given that prcs are just slight stat modifiers, i don't think the guys at troika really would have considered that route. would atari? of course they would have, as they are souless and only wish to consume anything either green or good in this world.

    if sierra had been on board with conitinuing the arcanum line with extended adventures, i do believe they would have taken that option. from what's left of the corpse, troika seemed to be more goal driven (if never fully reached) rather than simply adding slight graphical extras.

    it's a real shame that we keep having to refer to dead companies when discussing what is/was good, but in all fairness they were killed due to really shite management, not because they couldn't move units.

    the funny part is, you're a pleb. so am i. just a sea of voices with currents going in a million different directions. if money was everything, bioware would still be making medical software with licenses that would make the cost of an m5 seem low. 'intelligent people' make demands that are not really all that feasible due to time constraints, publishing contracts, mechanics and such. 'idiots' demand more drizzit and dual-wielded katanas or nunchuks, which are just as inane to the setting as some of the ideas espoused here at to development time.

    i think bio's proven they're pretty decent at taking a middle road between the two... now ask me if it's sad that 'slightly above mediocre' is the new industry standard and i'll tell you yes.
     
    ^ Top  
  18. Jora Arcane

    Jora
    Joined:
    Mar 14, 2003
    Messages:
    1,115
    Location:
    Finland
    I haven't tried any of the modules Bio and Bethesda have been selling but Black Isle's Trials of the Luremaster for Icewind Dale was a nice add-on that I could've bought for, say, 10 euros.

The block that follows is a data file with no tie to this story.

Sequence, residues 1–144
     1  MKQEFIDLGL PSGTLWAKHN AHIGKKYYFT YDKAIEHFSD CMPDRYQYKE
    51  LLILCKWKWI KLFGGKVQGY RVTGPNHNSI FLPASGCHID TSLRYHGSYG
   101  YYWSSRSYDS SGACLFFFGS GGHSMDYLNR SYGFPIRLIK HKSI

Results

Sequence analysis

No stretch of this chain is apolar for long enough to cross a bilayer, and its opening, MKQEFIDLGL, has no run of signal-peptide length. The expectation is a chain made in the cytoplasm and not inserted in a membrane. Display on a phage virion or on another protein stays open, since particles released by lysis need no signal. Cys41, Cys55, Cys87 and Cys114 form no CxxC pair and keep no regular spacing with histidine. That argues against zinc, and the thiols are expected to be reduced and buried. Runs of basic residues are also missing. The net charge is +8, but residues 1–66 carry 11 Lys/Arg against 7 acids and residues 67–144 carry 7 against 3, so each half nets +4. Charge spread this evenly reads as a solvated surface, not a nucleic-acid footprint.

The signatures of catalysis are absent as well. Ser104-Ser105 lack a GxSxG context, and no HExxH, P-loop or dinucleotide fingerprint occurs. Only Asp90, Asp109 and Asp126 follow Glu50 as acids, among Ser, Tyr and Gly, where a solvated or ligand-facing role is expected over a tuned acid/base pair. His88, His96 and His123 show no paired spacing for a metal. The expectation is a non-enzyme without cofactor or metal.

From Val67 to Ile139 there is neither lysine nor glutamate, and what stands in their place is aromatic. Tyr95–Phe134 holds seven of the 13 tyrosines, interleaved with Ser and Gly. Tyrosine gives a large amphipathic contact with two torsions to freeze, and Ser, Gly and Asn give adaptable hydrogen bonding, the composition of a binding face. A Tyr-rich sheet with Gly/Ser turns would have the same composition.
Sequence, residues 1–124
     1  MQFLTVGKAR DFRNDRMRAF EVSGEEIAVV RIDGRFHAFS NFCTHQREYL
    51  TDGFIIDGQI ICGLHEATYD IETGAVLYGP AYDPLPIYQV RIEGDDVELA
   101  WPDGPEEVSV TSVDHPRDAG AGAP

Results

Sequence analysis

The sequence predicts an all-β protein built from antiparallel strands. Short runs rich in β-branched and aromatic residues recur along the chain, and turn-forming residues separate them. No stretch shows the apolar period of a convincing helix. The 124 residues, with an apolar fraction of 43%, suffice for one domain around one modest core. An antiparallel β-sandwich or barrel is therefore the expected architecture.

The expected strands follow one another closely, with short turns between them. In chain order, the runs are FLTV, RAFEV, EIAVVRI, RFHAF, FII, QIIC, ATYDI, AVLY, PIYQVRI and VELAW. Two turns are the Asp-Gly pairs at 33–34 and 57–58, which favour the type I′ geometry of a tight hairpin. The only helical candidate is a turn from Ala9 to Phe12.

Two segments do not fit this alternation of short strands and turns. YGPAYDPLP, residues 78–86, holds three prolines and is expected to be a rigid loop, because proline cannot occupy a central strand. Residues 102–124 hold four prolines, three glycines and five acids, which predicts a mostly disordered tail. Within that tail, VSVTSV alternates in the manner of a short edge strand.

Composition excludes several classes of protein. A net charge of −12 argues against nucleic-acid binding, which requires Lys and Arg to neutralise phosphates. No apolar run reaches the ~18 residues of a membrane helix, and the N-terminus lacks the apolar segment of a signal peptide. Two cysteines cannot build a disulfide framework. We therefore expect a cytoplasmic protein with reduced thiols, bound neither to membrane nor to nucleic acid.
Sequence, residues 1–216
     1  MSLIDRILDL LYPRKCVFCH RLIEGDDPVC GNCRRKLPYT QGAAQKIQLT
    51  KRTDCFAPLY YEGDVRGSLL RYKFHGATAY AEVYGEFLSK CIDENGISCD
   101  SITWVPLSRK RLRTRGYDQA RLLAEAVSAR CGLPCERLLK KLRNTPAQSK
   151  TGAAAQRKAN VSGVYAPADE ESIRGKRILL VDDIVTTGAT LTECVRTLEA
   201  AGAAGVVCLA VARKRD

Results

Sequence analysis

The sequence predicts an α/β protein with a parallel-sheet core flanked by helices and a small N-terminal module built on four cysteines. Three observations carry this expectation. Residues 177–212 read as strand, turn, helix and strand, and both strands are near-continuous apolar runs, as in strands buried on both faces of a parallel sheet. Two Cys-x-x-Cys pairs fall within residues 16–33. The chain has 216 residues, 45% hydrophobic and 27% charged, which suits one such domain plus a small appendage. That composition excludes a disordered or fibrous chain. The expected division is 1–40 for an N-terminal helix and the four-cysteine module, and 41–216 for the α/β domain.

^ Top  
  19. Slith Scholar

    Slith
    Joined:
    Mar 10, 2006
    Messages:
    231
    Location:
    West Coast, Canada
    You've misunderstood what I meant by pleb. In this case, I used it instead of idiot, in the implication that the common people are idiots. It's not meant to be literally taken at the value of what class you and I belong to, economically, but where we are at an intellectual level. Hey, maybe that's incredibly egoist, whatever. You can complain to my deaf ears.
     
    ^ Top  
  20. Vault Dweller Commissar, Red Star Studio Developer

    Vault Dweller
    Joined:
    Jan 7, 2003
    Messages:
    27,772
    Not because their games didn't sell. BG3 would have sold like crazy if Herve didn't kill it.

    I agree. For awhile, in my opinion, Bioware was somewhere in the middle, between the art and the money, but it seems to me that lately the focus shifted toward the money. Dragon Age is the last PC only project, unfortunately, is it not?

    Well, I don't deny anyone anything. However, it's worth noting that if Troika did a better job with ToEE, then it might still be in business. If I had to choose between a better overall quality and some extras, I would have picked the former.